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Omega-6 fatty acids

Also listed as: Evening primrose oil; EPO; Linoleic acid; LA

Overview
Uses
Dietary Sources
Available Forms
 
How to Take It
Precautions
Possible Interactions
Supporting Research

Overview

Omega-6 fatty acids are considered essential fatty acids: They are necessary for human health but the body can’t make them -- you have to get them through food. Along with omega-3 fatty acids, omega-6 fatty acids play a crucial role in brain function, as well as normal growth and development. Also known as polyunsaturated fatty acids (PUFAs), they help stimulate skin and hair growth, maintain bone health, regulate metabolism, and maintain the reproductive system.

A healthy diet contains a balance of omega-3 and omega-6 fatty acids. Omega-3 fatty acids help reduce inflammation, and some omega-6 fatty acids tend to promote inflammation. In fact, some studies suggest that elevated intakes of omega-6 fatty acids may play a role in Complex Regional Pain Syndrome. The typical American diet tends to contain 14 - 25 times more omega-6 fatty acids than omega-3 fatty acids.

The Mediterranean diet, on the other hand, has a healthier balance between omega-3 and omega-6 fatty acids. Many studies have shown that people who follow this diet are less likely to develop heart disease. The Mediterranean diet does not include much meat (which is high in omega-6 fatty acids, though grass fed beef has a more favorable omega-3 to omega-6 fatty acid ratio) and emphasizes foods rich in omega-3 fatty acids, including whole grains, fresh fruits and vegetables, fish, olive oil, garlic, as well as moderate wine consumption.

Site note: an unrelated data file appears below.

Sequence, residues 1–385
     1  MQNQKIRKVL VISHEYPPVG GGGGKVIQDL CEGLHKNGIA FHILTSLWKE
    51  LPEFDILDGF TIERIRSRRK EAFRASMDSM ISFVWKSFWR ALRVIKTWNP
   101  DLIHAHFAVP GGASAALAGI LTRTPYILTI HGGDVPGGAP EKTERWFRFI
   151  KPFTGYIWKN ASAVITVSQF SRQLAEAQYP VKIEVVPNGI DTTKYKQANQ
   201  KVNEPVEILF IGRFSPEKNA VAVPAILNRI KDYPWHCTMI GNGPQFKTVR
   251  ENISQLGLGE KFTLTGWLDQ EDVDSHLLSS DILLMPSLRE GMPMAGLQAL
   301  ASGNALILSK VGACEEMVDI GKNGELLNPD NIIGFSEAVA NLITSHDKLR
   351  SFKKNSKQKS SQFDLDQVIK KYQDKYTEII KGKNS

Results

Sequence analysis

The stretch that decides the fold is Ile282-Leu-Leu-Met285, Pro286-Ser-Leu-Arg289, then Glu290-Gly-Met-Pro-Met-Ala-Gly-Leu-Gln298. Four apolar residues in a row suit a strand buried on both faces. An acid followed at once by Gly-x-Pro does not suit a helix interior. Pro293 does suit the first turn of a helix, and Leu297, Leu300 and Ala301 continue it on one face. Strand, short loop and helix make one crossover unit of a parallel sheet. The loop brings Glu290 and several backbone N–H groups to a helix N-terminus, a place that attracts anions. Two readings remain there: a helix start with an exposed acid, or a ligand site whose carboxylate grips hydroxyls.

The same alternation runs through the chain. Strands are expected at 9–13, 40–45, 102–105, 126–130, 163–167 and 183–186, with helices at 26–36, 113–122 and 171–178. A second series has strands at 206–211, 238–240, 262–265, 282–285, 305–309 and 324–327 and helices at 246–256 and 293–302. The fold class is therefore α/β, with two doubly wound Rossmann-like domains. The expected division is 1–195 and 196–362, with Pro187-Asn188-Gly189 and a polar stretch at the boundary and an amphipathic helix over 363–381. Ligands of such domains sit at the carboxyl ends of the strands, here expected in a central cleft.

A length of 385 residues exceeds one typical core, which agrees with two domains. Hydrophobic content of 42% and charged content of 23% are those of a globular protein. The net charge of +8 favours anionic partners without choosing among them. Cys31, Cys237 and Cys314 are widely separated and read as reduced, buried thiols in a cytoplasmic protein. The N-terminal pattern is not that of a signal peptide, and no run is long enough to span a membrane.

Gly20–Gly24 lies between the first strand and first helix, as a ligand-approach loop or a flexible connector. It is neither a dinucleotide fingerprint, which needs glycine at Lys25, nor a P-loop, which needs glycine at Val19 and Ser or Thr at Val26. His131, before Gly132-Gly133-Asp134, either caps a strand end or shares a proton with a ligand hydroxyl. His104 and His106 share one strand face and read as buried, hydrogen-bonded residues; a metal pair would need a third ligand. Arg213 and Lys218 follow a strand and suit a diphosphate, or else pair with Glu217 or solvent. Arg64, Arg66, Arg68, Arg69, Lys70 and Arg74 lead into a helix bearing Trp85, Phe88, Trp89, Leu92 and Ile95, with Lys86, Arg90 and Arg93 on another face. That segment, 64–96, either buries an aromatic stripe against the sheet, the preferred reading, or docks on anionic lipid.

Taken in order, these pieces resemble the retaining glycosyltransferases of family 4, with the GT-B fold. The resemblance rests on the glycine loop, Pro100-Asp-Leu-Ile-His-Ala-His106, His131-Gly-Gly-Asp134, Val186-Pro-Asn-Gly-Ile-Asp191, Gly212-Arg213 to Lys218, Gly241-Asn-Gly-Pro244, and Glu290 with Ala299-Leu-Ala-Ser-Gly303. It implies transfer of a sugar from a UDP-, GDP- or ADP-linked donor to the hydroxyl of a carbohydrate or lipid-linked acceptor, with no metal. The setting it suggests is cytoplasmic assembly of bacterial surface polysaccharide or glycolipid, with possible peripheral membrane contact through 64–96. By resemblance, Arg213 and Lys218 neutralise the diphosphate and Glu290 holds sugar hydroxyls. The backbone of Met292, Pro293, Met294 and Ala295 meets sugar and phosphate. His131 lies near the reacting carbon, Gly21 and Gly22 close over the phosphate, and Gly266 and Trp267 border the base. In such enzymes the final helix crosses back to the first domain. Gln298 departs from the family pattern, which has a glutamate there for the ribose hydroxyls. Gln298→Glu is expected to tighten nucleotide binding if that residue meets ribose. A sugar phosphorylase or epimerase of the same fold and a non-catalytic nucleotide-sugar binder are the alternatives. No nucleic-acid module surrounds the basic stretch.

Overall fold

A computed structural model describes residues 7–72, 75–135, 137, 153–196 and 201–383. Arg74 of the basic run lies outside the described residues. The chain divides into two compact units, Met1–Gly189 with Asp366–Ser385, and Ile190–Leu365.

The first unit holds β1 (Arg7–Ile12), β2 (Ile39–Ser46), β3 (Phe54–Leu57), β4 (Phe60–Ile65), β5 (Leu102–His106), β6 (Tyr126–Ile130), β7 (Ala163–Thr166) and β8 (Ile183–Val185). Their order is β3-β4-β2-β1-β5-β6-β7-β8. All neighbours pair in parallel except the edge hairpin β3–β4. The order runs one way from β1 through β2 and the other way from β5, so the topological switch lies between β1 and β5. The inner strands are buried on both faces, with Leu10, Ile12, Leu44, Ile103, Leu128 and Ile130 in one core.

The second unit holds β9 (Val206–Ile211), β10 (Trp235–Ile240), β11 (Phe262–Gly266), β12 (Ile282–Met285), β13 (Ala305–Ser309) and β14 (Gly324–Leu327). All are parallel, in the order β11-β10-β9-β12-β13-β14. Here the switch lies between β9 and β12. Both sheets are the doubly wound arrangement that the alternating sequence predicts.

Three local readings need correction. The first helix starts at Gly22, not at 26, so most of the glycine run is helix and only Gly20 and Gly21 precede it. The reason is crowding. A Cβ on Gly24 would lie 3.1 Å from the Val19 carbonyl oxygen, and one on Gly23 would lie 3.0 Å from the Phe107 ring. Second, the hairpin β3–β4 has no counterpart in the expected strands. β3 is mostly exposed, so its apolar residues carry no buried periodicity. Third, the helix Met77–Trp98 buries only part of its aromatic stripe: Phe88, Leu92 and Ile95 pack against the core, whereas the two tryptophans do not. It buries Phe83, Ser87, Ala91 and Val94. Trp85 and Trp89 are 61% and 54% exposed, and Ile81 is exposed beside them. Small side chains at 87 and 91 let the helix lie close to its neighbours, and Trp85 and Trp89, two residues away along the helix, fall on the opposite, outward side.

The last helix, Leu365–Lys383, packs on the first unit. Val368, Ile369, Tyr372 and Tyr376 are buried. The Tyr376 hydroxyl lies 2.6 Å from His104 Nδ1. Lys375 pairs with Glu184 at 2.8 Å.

There are several different types of omega-6 fatty acids, and not all promote inflammation. Most omega-6 fatty acids in the diet come from vegetable oils, such as linoleic acid (LA). Be careful not to confuse this with alpha-linolenic acid (ALA), an omega-3 fatty acid. Linoleic acid is converted to gamma-linolenic acid (GLA) in the body. It is then further broken down to arachidonic acid (AA). GLA is found in several plant based oils, including evening primrose oil (EPO), borage oil, and black currant seed oil.

GLA may actually reduce inflammation. Much of the GLA taken as a supplement is converted to a substance called DGLA that fights inflammation. Having enough of certain nutrients in the body (including magnesium, zinc, and vitamins C, B3, and B6) helps promote the conversion of GLA to DGLA.